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You see a lot don’t you doctor. Why don’t you turn that high-powered perception at yourself and tell us what you see. — Silence of the Lambs

Six months after India’s geo-synchronous satellite launch vehicle, GSLV-FO2, broke up in the sky 65 seconds after its take-off, the country has successfully placed an advanced Polar Satellite Launch Vehicle, the PSLV-C7.

PSLV-C7 carries the country’s first space capsule recovery equipment, SRE-1, besides three other satellites, opening up the way for unmanned and manned space flights in the future. The SRE is expected to splashdown in the Bay of Bengal, about 140 km east of Sriharikota coast on January 22nd.

Other payloads launched on the rocket from the Satish Dhawan Space Centre included India’s remote sensing satellite CARTOSAT-2, Indonesia’s earth observation satellite LAPAN-TUBSAT and Argentina’s nano-satellite PEHUENSAT-1.

The Indian CARTOSAT-2 is intended to carry out some vital remote sensing operations (presumably including Pakistan), with a panchromatic camera with a spatial resolution of one metre and a sold state recorder with 64-gigabyte storage capacity.

The next generation of polar orbiting weather satellites for the United States is planned to be the National Polar-Orbiting Operational Environmental Satellite System (NPOESS). Designed to avoid duplication by the military (DMSP) and civilian (POES) low orbit weather satellites, it will pack a ton of exotic instrumentation.

NPOESS was supposed to be the key satellite for developing three- to seven-day weather forecasts for civilian and military purposes and designed to replace existing, LEO satellites that are expected to be beyond their useful lives over the next several years.

The joint program, run by NASA, NOAA and the Defense Department was scheduled to begin replacing separate military and civilian constellations by 2009.

But something has gone horribly wrong with NPOESS. In March 2005, NPOESS was budgeted at $6.8 billion, but current cost estimates have ballooned to $13.8 billion. NOAA’s entire annual budget is $4 billion while NASA’s is $16.8 billion. NPOESS is at least three years behind its targeted year for becoming operational.

NPOESS is currently not expected to be launched until 2012 – three years late. Gaps in coverage are possible during that time, if enough older satellites fail. Long range weather forecasting could be in jeopardy.

UPDATE: A two-year study by the National Academy of Sciences, was released on Jan 15, at the annual meeting of the American Meteorological Society. The panel sought to “restore U.S. leadership in earth science and applications and avert the potential collapse of the system of environmental satellites.” By 2010, the number of operating Earth-observing instruments on NASA satellites, most of which are already past their planned lifetimes, is likely to drop by 40 percent, the report said.

The GAO Director of Information Technology Management Issues, told Congress: “NPOESS is a program in crisis”.

Rep. David Wu (D-Ore.) ranking member on the environment technology and standards subcommittee said, NOAA’s Administrator should be fired.

Dr. Alexis Livanos, President of Northrop Grumman Space Technology, assured the Committee that his company is making changes to help get the program back on track. “We are working diligently to put NPOESS on solid footing and have made organizational changes to further improve the performance of our instrument subcontractors,” he said.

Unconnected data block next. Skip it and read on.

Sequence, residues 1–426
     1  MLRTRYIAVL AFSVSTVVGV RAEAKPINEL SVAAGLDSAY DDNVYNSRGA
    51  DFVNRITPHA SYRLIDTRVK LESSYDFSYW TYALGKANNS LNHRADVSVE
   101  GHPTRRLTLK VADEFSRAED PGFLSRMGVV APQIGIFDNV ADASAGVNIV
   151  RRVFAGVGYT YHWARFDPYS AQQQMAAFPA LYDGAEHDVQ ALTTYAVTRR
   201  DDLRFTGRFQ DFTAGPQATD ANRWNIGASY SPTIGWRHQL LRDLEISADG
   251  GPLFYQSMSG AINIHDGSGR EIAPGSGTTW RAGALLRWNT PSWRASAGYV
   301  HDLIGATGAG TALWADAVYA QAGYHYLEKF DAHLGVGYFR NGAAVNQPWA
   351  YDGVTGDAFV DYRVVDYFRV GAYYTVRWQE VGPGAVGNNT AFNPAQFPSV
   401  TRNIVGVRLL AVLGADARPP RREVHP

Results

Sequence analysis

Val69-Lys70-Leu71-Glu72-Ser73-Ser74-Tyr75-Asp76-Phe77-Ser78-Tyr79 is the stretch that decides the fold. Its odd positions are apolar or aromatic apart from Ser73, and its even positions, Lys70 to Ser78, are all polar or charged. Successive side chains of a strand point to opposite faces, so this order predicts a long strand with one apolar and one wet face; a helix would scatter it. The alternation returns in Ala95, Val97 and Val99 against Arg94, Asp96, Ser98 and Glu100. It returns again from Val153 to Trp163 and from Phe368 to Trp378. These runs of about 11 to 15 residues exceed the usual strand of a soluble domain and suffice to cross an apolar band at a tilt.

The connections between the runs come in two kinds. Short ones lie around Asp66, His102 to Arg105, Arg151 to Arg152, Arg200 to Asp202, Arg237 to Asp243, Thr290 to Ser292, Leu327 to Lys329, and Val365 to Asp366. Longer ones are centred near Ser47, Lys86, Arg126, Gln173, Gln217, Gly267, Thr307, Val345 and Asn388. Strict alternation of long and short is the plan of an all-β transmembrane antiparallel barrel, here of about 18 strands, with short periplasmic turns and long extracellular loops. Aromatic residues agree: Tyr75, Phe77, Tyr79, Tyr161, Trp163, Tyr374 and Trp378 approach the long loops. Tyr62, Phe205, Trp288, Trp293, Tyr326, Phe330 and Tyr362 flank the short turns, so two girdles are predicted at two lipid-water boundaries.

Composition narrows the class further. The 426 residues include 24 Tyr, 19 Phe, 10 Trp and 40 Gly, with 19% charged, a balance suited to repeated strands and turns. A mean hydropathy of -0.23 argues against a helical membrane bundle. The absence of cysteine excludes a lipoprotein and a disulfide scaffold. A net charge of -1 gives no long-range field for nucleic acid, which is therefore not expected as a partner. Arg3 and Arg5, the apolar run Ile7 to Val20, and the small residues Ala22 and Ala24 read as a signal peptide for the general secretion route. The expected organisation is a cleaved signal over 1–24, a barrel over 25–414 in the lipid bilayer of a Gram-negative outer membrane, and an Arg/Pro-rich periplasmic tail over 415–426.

Costs for the DOD’s major space programs have increased roughly $12.2 billion – or almost 44 percent – above initial estimates for fiscal years 2006 through 2011, according to GAO’s Nov. 17 report (pdf, above), prepared for the House Armed Services Subcommittee.

The Space Based Infrared System (SBIRS) High program, originally estimated to cost about $4 billion, is now estimated to cost over $10 billion, the Advanced Extremely High Frequency satellite program (AEHF) went from $6.1 billion to $8.7 billion, the NPOESS weather satellites went from from $6.8 billion to $13.8 billion, and the Evolved Expendable Launch Vehicle program, initially a $17B heavy lifter program, has ballooned $14 Billion over budget (and counting), reports Florida Today.

Meanwhile, the NRO’s L-21 launched last month, the first by the newly merged Boeing/Lockheed EELV program, is now a billion dollar orbiting brick, reports Reuters.

Lockheed and Boeing appear to have lost their moral compass — and their Indian talent. Hopefully, a Democratically-lead Congress will put some pressure on the $100B “man-in-space” program and prevent it from becoming a Texas-sized pot of graft, run through the Caymans. Taxpayer welfare keeps the richest, most powerful arms dealers on the planet running like a well-oiled machine.

Tens of billions have been spent on data mining. SAIC has a lead role in the Army’s $100 billion Future Combat System, the billion dollar Trailblazer and the $2 billion Groundbreaker programs. At the same time, it enabled scores of former high-ranking government officials to become instant millionaires when SAIC went public last year.

In other news, Pirate Bay may purchase Sealand. “It should be a great place for everybody, with high-speed Internet access, no copyright laws and VIP accounts to The Pirate Bay,” proclaims the outfit.

Maybe they’ve got the right idea. Create your own world. Jeff Bezos, Elon Musk, John Carmack, Surrey Satellite, Robert Twiggs and Burt Rutan plan to leave it.

The real heroes — and patriots — are the bean counters at the GAO.

3 Responses to “Space Capsule”

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